Weren’t disabled
They’d listen

Crips stereotypes
Cause offence
To all

I ask
To be
Treated the
Same as
Other people

I’m good
At advocacy
Being heard

But really
I just
Want to
Visit Swindon
Not Oxford

I hope
Someday disability
Won’t be
A reason
To think

It’s time
For a snotty

But sadly
And stressfully
That day
Is not

>Graceful Elegance #100daysofwriting

>Sun shining bright
Bluest sky for months
Filled with red kites
Flying and swooping
Hardly moving their wings
It’s more than flying
A bit like a dance
But more than that too
Swimming through the air
Six together
Sometimes more
Working together
To live
Survive and thrive
I see them often
Daily even
They always
catch my eye
And make me think
How lucky I am
To live here
And see such sights
Graceful elegance
From an
Uncontrollable, wild

>Hospital Thoughts

>Hospitals are interesting places to people watch and get inspired for writing. This hopefully catches some of the experience. In a way I wished I’d taken my iPad and written there but I enjoyed reading my book.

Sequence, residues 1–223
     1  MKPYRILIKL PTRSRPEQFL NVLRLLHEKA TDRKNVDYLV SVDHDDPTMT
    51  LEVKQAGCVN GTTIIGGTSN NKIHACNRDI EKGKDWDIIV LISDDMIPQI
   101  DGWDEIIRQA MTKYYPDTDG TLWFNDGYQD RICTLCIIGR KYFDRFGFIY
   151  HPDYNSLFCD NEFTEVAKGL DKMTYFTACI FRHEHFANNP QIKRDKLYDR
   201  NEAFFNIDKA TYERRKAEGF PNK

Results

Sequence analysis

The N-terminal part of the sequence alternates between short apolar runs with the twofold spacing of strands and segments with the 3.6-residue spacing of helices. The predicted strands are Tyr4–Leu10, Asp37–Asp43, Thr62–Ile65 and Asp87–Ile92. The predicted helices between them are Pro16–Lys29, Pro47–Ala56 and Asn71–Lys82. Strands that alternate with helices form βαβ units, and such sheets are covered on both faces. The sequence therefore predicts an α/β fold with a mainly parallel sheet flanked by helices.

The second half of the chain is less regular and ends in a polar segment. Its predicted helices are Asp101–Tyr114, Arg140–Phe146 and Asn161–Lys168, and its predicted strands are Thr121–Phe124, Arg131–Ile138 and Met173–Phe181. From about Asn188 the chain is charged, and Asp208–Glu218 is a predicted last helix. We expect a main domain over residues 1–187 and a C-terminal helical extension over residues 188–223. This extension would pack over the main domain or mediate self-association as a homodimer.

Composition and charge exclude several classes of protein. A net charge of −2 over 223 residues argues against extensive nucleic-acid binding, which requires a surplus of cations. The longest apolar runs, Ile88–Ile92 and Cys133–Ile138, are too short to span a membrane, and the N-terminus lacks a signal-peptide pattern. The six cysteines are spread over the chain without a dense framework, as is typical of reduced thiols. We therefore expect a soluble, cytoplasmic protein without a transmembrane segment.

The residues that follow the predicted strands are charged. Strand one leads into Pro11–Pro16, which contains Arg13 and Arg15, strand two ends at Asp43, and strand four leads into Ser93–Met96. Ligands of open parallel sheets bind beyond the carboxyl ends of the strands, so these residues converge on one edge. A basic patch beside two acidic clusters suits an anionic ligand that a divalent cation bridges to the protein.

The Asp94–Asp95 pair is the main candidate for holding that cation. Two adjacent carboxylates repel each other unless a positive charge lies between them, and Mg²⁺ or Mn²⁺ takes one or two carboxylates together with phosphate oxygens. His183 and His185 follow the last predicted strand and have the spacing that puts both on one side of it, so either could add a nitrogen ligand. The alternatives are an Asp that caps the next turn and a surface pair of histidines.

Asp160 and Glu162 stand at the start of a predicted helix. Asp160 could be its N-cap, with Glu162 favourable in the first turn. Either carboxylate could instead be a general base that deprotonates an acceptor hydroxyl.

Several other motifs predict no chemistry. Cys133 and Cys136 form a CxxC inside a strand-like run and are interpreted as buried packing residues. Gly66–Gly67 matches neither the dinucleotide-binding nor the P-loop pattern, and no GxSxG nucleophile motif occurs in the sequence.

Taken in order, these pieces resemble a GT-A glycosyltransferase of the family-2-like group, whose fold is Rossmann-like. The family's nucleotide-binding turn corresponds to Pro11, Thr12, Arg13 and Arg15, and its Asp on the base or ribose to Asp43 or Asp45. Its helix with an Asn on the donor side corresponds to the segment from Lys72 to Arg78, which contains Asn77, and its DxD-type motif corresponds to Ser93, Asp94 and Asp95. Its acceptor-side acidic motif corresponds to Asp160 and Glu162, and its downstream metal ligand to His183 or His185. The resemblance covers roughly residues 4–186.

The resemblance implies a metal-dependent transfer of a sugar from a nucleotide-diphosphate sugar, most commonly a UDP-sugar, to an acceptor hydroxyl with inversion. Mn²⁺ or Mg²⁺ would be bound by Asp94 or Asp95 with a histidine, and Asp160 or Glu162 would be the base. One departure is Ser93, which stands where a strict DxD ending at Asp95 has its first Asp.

Day 36 of 100

Hospital Thoughts

Hospital smell
Grotty food like school dinners
Too many people in a small space
And some kind of cleaner.

Paramedics and transport techs
Nurses, doctors and other staff
Add in patients, visitors and family
A constant swarm of people

Wheelchairs wheel all over the place
Powerchairs glide silently
Stretchers trundle and squeak
And crutches add an extra rhythm to footsteps

An alcohol wipe gets rid of bacteria
The smell probably scares them away
“sharp scratch now”
The drug stings and burns its way in

More blood than expected drips down my leg
Cotton wool and pressure does the trick
Too many plasters to count
And gloves that rip.

Drips beep
Lifts announce “floor one”
Patients cry
Others laugh

Phones ring
And nurses scurry
Hospital life is all
Hurry hurry hurry

Deep voiced explanations
Technical words
I pause
Then ask for clarification.

A one off visit
But fear grips
What if multiple visits are needed by this crip?

The news isn’t so bad
The doctor seems very happy
Says its good to meet me
And that they’ll leave me be

A firm handshake
A smile – and thanks
Drop down a floor
Wheel out the door.

Don’t look back
Going home at last
It’s been a long day
Very glad to get away

Hospital life never stops
With its highs and lows
Noise, trauma and bright lights.
Full of success and nasty shocks

But from my thoughts it is gone
(although the memory lives on)
It’ll be months before I’m back there
In amongst others receiving needed care.

♥ Emma